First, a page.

The missions in Baghdad are part of a massive effort that has so strained resources that dozens of CIA retirees have been brought back to the agency in recent months to shore up exhausted and overloaded analysts and clandestine officers.
"Just about everybody who wants a green badge is getting a green badge," an agency veteran said, referring to the colored identification tags given to retirees who return to CIA headquarters in Langley, Va., for contract work.
For The Record
Los Angeles Times Sunday April 06, 2003 Home Edition Main News Part A Page 2 National Desk 1 inches; 59 words Type of Material: Correction
Intelligence on Iraq -- A headline on a Saturday Page 1 story about U.S. intelligence operations in Iraq incorrectly said the CIA admitted that sources inside Baghdad had largely dried up. In fact, as the story stated, the CIA disputed allegations that its intelligence from Iraq was weak, and declined to comment on its specific operations inside the country.
Much of that analytical energy has gone into preparing maps and demographic analyses of every sector of Baghdad, in expectation of block-by-block urban fighting.
The CIA, the State Department, the Pentagon and other U.S. government agencies have compiled lists of several thousand Iraqi government, security and intelligence officials, military officers and others who would be sought if the regime collapsed.
In the top tier are Hussein and his nine closest aides, including his sons. None of the top nine is known to have been captured or killed so far. At least some would likely be charged with war crimes for using chemical weapons in the 1980s.
Below them are tiers of officials who might be charged with other crimes, removed from a post-Hussein government in Baghdad or investigated further.
Those groups include senior Baath Party leaders, Republican Guard and other military chiefs, heads of government ministries and intelligence agencies, political commissars and key members of Hussein's numerous secret police agencies and death squads.
How reliable the lists are is unclear. Iraq has a vast web of overlapping security and spy services that were modeled on East Germany's infamous Stasi, or secret police. U.S. officials broadly estimate that at least 20,000 people are active officers in those agencies, which include the Mukhabarat, the chief security agency.
Family May Have Fled
One reliable intelligence source said there were credible reports that some members of Hussein's family left Iraq before the war started.
According to the reports, Hussein's first wife is in Syria and his third wife is in the United Arab Emirates. The whereabouts of his second wife, whom he married after ordering her to divorce the head of Iraqi airlines, is unknown.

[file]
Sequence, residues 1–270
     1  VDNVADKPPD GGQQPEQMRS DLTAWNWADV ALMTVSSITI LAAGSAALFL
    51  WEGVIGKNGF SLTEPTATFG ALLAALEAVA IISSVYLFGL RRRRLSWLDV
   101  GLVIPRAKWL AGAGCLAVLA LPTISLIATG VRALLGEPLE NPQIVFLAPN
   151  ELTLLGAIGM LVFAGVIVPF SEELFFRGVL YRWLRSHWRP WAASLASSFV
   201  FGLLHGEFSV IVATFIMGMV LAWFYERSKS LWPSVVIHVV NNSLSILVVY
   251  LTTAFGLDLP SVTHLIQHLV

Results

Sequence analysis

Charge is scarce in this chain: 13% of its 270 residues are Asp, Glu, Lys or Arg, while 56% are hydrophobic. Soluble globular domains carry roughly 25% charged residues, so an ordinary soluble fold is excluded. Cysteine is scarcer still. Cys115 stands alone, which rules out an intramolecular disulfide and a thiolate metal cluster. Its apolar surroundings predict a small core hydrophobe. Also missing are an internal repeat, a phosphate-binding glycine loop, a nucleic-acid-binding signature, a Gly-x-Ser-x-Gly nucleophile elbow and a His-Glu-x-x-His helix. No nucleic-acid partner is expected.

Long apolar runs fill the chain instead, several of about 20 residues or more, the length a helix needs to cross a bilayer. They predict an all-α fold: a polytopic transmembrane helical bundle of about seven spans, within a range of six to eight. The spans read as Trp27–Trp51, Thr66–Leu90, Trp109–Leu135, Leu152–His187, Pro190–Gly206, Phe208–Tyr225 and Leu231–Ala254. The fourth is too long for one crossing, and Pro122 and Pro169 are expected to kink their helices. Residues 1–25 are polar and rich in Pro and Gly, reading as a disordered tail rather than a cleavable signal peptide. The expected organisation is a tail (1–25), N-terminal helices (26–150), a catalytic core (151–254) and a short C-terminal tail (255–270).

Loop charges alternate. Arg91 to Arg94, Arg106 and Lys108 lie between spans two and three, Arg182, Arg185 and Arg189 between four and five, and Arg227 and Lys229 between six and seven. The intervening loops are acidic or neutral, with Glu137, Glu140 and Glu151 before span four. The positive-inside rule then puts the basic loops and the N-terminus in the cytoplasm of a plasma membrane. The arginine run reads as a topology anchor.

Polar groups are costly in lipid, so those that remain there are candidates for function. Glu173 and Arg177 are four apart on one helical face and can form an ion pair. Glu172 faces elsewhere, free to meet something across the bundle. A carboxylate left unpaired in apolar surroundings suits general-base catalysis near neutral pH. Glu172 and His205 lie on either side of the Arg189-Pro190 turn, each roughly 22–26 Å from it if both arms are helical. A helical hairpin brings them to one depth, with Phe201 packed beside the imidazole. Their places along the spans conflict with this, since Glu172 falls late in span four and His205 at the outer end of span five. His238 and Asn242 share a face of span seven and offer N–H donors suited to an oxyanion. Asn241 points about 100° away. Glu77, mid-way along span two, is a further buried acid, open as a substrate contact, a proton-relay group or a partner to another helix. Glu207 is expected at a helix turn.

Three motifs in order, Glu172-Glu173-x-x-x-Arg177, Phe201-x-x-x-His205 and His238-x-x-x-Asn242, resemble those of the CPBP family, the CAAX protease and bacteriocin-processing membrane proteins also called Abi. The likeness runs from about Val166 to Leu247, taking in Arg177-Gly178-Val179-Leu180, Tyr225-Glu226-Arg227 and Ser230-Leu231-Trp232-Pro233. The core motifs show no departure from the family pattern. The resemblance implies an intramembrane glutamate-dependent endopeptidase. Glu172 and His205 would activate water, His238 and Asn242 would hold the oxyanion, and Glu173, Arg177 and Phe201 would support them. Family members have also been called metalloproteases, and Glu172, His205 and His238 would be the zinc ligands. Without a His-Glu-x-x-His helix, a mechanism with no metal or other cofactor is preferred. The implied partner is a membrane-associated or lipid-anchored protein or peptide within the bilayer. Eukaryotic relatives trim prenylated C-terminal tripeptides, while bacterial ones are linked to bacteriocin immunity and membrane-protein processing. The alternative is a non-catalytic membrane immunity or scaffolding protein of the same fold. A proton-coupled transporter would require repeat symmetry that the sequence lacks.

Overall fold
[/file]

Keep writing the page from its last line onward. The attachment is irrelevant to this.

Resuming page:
Absent another intelligence breakthrough on a par with the tip that triggered the first strike on Hussein, many officials said the outcome in Baghdad will depend on the U.S.-led forces' ability to seize control of city sectors and shake loose information from detainees or defectors.
After the 1991 Persian Gulf War, U.S. Gen. H. Norman Schwarzkopf was harshly critical of the CIA's performance, chiding the agency for consistently overestimating enemy troop and tank counts, among other things.
The CIA received a great deal of credit, however, for its prominent role in Afghanistan.
Officials said the Pentagon and the CIA have cooperated smoothly on Iraq, but they acknowledged new frictions in recent weeks.
"There have been tussles galore between the agency and the Pentagon over whose light is shining brighter," one intelligence official said.
Intelligence officials say they remain convinced that Hussein was in the Dora Farm compound that was reduced to rubble by cruise missiles and bunker-busting bombs early March 20.
But the television appearance Friday, by raising the distinct possibility that Hussein had escaped the barrage, diminished the impact of the CIA's highest-profile contribution to the war so far.
Speaking in front of a sheet to obscure his location, Hussein praised an Iraqi peasant.
"Perhaps you remember the valiant Iraqi peasant and how he shot down an American Apache with an old weapon," he said, according to transcripts of the speech.
The reference matched Iraqi officials' claims that a single shot had downed an AH-64 Apache Longbow that the U.S. military acknowledges it lost in Iraq on March 24.
Other footage showed Hussein wading into a crowd of supporters against a backdrop of rubble and darkened skies that seemed to fit with recent pictures of Baghdad.
The CIA says it is still not fully convinced that Hussein is alive despite the new tapes.
"We flat don't know," an intelligence official said.